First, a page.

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Retention & FAPE:
What Does the Research Say?

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My son is in a special education Kindergarten program. When I went to a meeting at the school to plan for next year, I was told he does not qualify for placement in a regular first grade class. They say if he is promoted to first grade, he will flounder in a class with 24 children and one teacher and would not get any additional help.

The school wants to retain my child. They say they know what's best for him. I don't know what to do. Should I push to have him promoted and placed in a regular education class?

Wrightslaw Replies

It sounds like the school gave you information about your options in a way that ensured you would make the "right" decision (from the school's perspective).

You were told that your son would "flounder"? The school did not offer to provide the individualized services and supports that they are required to provide?

You may want to revisit this issue with your son's school team. It is not too late to change the plans for next year. But first, you need accurate information about retention.

Support from the National Association of School Psychologists

First, read this short article that summarizes retention issues.

Next, read the article about "Grade Retentiion - Achievement and Mental Health Outcomes" and the Position Statement from the National Association of School Psychologists. According to the National Association of School Psychologists, retention is not helpful and actually damages children.

National Association of School Psychologists. Grade Retention - Achievement and Mental Health Outcomes.

Sixth grade students rated grade retention as the single most stressful life event, higher than the loss of a parent or going blind. Retained students are less likely to receive a high school diploma by age 20, receive poorer educational competence ratings, and are less likely to be enrolled in any post-secondary education program. Retained students receive lower educational and employment status ratings and are paid less per hour at age 20.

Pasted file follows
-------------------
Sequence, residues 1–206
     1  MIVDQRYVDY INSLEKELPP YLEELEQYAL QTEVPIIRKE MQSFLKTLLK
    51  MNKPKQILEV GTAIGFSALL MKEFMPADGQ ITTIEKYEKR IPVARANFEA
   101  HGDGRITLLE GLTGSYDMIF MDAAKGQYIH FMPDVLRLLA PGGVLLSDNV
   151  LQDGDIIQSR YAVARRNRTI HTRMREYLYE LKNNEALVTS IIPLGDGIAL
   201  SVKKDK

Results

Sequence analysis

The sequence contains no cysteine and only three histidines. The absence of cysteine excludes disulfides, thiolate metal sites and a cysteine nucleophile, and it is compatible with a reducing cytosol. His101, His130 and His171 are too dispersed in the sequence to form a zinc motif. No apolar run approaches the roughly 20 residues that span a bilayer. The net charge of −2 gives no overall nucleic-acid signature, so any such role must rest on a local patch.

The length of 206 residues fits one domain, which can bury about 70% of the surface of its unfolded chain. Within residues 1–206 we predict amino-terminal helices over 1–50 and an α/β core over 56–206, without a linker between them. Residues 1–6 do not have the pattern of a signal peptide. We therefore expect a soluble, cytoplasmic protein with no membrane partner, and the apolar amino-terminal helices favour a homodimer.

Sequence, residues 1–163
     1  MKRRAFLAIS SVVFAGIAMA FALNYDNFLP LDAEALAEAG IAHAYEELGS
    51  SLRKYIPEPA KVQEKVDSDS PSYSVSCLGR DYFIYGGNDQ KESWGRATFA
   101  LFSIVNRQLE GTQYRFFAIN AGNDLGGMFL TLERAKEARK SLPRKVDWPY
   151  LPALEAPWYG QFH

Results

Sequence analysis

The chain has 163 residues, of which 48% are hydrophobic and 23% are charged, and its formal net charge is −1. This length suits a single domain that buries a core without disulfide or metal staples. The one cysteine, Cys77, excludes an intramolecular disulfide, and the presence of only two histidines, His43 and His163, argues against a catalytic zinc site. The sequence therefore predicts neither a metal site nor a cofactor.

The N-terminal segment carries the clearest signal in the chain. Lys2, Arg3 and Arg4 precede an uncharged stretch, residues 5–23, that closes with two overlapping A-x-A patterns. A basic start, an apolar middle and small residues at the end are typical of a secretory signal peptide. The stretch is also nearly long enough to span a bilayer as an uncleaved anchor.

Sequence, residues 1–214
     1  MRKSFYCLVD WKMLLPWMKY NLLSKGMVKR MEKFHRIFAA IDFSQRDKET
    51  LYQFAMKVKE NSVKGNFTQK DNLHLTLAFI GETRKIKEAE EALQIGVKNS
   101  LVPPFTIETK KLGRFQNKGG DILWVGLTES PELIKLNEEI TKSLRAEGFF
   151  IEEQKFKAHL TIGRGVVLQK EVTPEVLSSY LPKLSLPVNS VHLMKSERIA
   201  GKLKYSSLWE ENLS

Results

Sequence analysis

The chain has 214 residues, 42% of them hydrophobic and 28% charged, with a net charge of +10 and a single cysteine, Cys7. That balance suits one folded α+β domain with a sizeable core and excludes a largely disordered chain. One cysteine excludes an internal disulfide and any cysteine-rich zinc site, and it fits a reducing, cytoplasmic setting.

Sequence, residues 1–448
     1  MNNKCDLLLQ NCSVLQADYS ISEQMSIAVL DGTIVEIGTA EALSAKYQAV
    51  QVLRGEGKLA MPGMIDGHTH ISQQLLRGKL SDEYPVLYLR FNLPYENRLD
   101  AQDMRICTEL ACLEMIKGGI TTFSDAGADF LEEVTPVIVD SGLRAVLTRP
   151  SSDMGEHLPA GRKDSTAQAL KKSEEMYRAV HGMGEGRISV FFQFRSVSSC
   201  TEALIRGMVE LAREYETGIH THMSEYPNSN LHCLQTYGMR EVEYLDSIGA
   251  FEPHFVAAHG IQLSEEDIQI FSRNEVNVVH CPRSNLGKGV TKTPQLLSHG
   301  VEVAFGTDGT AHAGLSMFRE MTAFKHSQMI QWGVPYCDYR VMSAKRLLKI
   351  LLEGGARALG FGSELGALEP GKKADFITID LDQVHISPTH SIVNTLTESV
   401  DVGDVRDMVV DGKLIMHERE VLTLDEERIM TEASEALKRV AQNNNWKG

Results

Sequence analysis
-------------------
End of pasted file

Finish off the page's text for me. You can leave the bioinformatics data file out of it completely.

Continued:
National Association of School Psychologists. Retention and Promotion: A Handout for Parents (2007).

"Research does not support the notion that retention helps children to 'catch up' and that 'social promotion' - sending children on to the next grade regardless of performance – pushes children through the school system without requiring mastery of basic skills.”

National Association of School Psychologists. Position Statement on Student Grade Retention and Social Promotion (2003).

“The National Association of School Psychologists promotes the use of interventions that are effective and research-based and discourages the use of practices which, though popular or widely accepted, are neither not beneficial or are harmful to the welfare and educational attainment of America’s children and youth. Through many years of research, the practice of retaining children in grade has been shown to be ineffective in meeting the needs of children who are academically delayed.”

You should also read "Retention is Not the Answer" by a North Carolina school psychologist. This comprehensive article discusses retention and social promotion.

Don't forget to check our Retention & Social Promotion page for newly updated resources.

In light of the Position Statement from the National Association of School Psychologists, I hope the school psychologist will support you in revoking your decision.

Your Strategy

After you read these articles, think about the issues. From your letter, it sounds like your son needs individualized instruction so he can master the basic skills.

If you decide you do not want the school to retain your child, write a letter to the IEP team and ask them to meet with you before school begins to resolve this issue. Be sure to include copies of these articles from National Association of School Psychologists with your letter.

Good luck!

Learn About Retention & Social Promotion

Learn About IEPs

Learn About Free Appropriate Education (FAPE)

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